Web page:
Thursday, April 03, 2008

Do you want fries with that philosopher?

This seems to represent the ultimate triumph of capitalism over all other ideologies.

One student took a far more critical view: We the students are the customers, the consumers, the ones who make the choice every day to pay attention or not. I pay approximately $30,000 to go here, whether I text in class or not. Laurence Thomas gets paid whether his students text in class or not. Does he think that this is the first time this has happened on any college campus? Had he acted like nearly 100 percent of the other college professors in this country, he would have shrugged it off and continued with his lecture, which he is getting paid to do. His deterring of the class and exit from the lecture only serves to highlight is own selfishness, as he will get paid while his paying students are having their time and money wasted. He needs to get over himself here.

Call me old-fashioned, but I side with the professor. An education should not be treated as just another throw-away commodity in our society. And a teacher should receive the respect he or she has earned from their scholarly endeavors. Hopefully the student quoted here is not typical. His or her attitude speaks volumes about their attitude towards the class. Of course I think the professor was being a bit childish in walking out on all of his students because of the actions of one or two.

Unfortunately this class is probably a prerequisite for most of these students and they don't really care about the topic. It does speak volumes about the lack of true learning opportunities in a venue in which one person is speaking to hundreds of learners.

If You Text in Class, This Prof Will Leave :: Inside Higher Ed :: Higher Education's Source for News, and Views and Jobs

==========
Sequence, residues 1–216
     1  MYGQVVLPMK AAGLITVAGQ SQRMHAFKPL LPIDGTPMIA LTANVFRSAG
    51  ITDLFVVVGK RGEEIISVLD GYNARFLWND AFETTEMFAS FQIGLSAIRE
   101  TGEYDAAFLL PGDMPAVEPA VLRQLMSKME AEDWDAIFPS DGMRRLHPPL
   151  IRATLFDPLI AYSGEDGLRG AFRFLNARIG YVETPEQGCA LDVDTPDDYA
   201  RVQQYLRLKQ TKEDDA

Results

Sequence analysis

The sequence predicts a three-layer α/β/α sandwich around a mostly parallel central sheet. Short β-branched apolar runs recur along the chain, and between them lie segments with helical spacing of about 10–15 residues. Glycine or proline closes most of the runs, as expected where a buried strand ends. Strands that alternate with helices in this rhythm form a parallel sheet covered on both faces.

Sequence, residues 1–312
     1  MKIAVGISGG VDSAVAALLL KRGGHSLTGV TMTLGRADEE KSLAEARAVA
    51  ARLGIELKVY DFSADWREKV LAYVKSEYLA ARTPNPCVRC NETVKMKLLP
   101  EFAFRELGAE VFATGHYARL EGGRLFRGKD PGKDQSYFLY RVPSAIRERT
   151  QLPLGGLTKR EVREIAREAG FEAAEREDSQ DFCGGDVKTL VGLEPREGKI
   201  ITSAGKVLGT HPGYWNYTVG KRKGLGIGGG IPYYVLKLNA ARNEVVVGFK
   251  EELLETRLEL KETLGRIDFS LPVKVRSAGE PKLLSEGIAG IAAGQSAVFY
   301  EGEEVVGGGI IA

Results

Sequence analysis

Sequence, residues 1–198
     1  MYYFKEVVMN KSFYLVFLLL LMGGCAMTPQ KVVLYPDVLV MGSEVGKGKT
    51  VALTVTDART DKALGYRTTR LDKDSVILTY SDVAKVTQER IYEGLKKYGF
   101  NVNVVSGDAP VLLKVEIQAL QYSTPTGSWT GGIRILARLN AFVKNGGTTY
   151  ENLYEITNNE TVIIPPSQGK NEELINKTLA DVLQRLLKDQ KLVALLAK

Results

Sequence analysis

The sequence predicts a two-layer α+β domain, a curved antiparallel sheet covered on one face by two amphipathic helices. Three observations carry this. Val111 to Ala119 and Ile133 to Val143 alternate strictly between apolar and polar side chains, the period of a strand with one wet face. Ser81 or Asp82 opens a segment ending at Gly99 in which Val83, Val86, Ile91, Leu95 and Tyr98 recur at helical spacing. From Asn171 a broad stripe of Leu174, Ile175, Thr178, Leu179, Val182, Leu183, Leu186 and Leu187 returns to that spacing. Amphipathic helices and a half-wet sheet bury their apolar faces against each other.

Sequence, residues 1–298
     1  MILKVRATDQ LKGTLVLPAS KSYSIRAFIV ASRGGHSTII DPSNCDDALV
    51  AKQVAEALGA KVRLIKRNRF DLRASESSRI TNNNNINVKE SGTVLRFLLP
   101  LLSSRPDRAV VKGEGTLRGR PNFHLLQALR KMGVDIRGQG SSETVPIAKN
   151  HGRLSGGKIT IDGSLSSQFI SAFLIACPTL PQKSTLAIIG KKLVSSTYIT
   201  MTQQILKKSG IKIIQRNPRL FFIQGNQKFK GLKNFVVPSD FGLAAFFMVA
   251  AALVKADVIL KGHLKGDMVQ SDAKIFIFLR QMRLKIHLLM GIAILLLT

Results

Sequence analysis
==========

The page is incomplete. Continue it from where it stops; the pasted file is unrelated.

Disco Sam said...

I think you hit it on the head as to the real problem - large number of students sitting and listening to a professor. We can not engage students in our traditional methods. I agree that a student who is spending time texting, who most likely is not texting about the subject, is interrupting the class and they should be asked to leave.

dmcoxe said...

Driving home tonight I gave it some more thought and I guess what really is needed is a rethinking of the college experience. College's still operate under the assumption that they need to provide students with a broad liberal education, hence the requirement for liberal arts courses such as the one in this case the course is designated to match "divisional requirements in Arts and Sciences..." (

Since most students in our university systems are looking for a meal ticket to a high paying job, they give only lip service to these additional required courses. Maybe its time universities recognize that the well-rounded education is no longer sought by most and should retool themselves to a type of white-collar trade school where students can get their engineering, business, legal, etc. training and move into the workplace. Any thoughts?